A lot has happened since that day, one year ago, and today – a long NICU stay, c-section complications, a difficult intro to parenthood when we brought the baby home, and other challenges that may never end – but we love our Chancey so much and are thrilled with how he is doing.
Today Chance and Willa turn one! Last year on this day we never could have anticipated what would come on this day, and it will always be a day of full hearts in our families. If you’re new to the blog you can read here about how Willa (Liz’s daughter who was a week late) and Chance (Sam’s son who was 3 months early) were born on the same day. You can also see a little story GMA did about the babies at Christmastime here. They are the most special kindred spirits and we love them so.
And since today is a special day we thought it would be the perfect opportunity for Sam to tell her birth story! The details of the days prior to the birth and everyday since are so big and complex that the story could go on for days, so she will give us a more condensed version. I will never forget the call that baby Chance was coming and Sam’s insane capacity to handle so many unknowns. I get chills whenever we talk about it. It is so beautiful.
(Read Sam’s birth story and see more pictures of Chance the Miracle Baby below!)
I was just over 25 weeks pregnant on March 10th. Without going into too much detail, I had some bleeding that day, wrestled back and forth with whether or not I should get things checked out, and ended up going to see the doc on the 11th. After getting in that oh-so-vulnerable position on the table in stirrups, I was told my membranes were bulging and I would need to go to labor and delivery as soon as possible. She stepped out of the room to make a plan, and I called my husband in tears and horror, gave him the very little information I had, and told him to hurry to the hospital.
Alex got there soon after, and I went into shock. I remember laying in a bed with nurses running around me and things being blurry. I was really cold and shivering and the bed was tipped backward so my feet were higher than my head and there was a rolled up towel under my side to keep my from laying flat on my back. I was being hooked up to IVs and monitors and being undressed and given shots and asked lots of questions. The doctor came to speak to us and filled us in on what was ahead of us – we would be transferred to a hospital better equipped to take care of a micro-preemie; they were working with the hospital to get us transferred, which would take time; they would keep me on bed rest in a hospital until the baby came, and it would hopefully be at least 4-5 weeks, but they didn’t know how much time we had; they were going to put me on medication to relax my uterus because I was contracting every minute; they were going to give me steroid shots to help the baby’s lungs develop and magnesium sulfate to reduce the baby’s chances of cerebral palsy.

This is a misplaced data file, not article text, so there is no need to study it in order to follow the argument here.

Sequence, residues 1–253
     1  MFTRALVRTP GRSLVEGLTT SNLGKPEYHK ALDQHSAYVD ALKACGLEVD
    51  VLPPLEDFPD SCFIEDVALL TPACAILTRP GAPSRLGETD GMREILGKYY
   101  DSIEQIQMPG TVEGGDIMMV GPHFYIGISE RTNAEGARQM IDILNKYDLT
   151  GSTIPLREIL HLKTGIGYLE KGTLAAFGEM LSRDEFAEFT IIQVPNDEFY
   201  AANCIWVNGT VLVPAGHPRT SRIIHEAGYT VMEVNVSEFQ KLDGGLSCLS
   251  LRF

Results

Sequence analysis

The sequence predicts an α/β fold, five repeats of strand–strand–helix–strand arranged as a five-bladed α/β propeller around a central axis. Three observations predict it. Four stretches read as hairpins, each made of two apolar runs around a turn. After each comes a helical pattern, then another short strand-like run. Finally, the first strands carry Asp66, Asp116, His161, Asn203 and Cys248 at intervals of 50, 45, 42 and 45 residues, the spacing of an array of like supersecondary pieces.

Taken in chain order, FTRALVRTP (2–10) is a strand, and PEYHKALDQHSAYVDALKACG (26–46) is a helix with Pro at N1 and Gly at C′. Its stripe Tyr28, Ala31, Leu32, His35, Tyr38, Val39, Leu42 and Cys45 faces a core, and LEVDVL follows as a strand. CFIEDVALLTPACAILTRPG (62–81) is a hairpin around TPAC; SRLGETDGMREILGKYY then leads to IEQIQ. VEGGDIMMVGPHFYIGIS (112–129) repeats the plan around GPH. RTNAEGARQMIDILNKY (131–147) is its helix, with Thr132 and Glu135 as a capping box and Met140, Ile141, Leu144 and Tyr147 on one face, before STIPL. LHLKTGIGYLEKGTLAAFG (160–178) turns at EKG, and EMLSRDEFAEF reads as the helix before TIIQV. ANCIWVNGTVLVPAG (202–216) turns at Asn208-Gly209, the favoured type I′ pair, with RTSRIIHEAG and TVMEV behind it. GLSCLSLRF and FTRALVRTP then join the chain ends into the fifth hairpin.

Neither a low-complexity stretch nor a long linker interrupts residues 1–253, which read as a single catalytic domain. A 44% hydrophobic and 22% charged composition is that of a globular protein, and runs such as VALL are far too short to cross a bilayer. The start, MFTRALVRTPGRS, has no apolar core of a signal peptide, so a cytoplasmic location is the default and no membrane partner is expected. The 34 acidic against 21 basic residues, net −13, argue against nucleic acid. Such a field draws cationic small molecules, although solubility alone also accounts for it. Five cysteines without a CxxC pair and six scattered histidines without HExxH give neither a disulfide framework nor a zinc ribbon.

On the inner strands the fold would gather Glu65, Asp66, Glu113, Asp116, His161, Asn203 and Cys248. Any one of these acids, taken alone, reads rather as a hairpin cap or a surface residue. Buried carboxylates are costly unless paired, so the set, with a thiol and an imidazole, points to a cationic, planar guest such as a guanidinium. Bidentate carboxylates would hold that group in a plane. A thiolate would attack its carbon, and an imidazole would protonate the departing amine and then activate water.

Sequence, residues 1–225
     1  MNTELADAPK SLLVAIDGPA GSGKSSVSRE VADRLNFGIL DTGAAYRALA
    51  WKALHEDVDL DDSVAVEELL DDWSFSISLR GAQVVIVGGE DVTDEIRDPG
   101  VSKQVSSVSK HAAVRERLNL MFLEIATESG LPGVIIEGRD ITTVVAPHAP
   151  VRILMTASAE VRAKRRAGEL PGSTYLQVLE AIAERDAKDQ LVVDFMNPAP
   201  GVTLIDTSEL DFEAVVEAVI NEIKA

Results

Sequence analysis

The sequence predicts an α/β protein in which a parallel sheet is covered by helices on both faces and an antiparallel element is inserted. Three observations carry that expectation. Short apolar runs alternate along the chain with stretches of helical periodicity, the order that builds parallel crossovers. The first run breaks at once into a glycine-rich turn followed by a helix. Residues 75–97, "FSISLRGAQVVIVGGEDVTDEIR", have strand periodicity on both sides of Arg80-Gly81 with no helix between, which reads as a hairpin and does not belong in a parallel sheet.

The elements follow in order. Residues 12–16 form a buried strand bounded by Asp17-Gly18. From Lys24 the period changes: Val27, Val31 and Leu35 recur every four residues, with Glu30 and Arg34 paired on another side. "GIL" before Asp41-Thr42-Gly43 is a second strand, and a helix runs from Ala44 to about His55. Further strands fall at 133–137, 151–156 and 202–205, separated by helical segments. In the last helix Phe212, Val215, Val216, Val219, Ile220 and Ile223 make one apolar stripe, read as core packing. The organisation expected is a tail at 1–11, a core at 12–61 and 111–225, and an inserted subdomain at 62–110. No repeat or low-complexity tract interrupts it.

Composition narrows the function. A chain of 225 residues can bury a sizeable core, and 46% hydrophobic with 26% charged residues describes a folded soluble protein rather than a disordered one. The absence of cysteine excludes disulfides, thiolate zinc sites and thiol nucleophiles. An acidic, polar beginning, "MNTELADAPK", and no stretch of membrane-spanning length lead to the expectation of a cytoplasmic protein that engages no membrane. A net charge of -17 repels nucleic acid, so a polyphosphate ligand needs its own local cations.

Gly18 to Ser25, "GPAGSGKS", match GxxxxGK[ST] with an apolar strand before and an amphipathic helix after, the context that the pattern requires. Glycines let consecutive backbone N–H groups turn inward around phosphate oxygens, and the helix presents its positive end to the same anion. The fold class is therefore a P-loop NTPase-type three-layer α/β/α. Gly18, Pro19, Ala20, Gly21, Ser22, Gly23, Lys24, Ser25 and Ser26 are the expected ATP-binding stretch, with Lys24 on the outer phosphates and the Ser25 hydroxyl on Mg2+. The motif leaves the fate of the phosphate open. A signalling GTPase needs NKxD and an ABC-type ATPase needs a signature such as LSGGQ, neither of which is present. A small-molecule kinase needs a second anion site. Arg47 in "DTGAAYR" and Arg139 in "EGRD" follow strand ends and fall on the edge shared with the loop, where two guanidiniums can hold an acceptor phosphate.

When we were finally transferred to the other hospital, I was hooked up to new monitors and given more medicine. I was contracting like crazy, and I was sure we wouldn’t make it through the night. Our new doctor checked me and told us I was dilated to a 2-3. They would continue the medication to relax my uterus, and check back the next day. They did an ultrasound, the baby looked good, and he was head-down. We slept very little that night, but the contractions slowed down, and it seemed like we would have a little more time. I will spare you the details of the next week in the hospital. Basically, I laid there for 8 total days with my feet above my head, doing my best to not have a baby. It was scary. And it was really really hard. Every day that went by was such a victory for the baby, but was a little bit of torture for me both emotionally and physically.
After everyone left for the night on Tuesday, March 18th, I started to have some pain in my lower abdomen. Nothing was showing up on the monitors, so the nurse didn’t think they were contractions and I suffered through it all night. The nurse came in to check on me early in the morning on the 19th, and she hooked me up to the monitor again. This time there was no question I was having contractions. I called Alex and told him to drive fast because it was go time.
I was taken to labor and delivery, where they did an ultrasound, and found that the baby was breach so I would need a c-section. I was taken into an operating room, prepped for surgery, and given an epidural. On the wall of the operating room was a window to another room where the neonatal nurses and doctors were preparing for the baby. My mom got there just in time to be with me. They started the surgery, but I couldn’t see anything over the curtain they put at my chest. After a few minutes, I remember my mom saying, “Oh my gosh there he is! You’re a mom! He just opened his eyes and stretched out his arms!” He was handed off to the NICU doctors who got to work helping him breathe and getting him warm. Alex got there just a few minutes too late, but was able to see Chance being taken care of in the other room while I was being stitched up.
I was being rolled out of the operating room to a recovery room when I saw my dad in the hallway. He was on the phone with Liz, who was in labor with Willa! I remember feeling so happy and so relieved at that moment… like the burdens of the days before were gone and somehow, somehow everything was going to be okay. Later that day I was able to go see our 1 lb 11 oz boy that was born at 26 weeks. He was so tiny, and I remember thinking how cute he was and how I felt like I knew him already. And I did. He was my Chancey.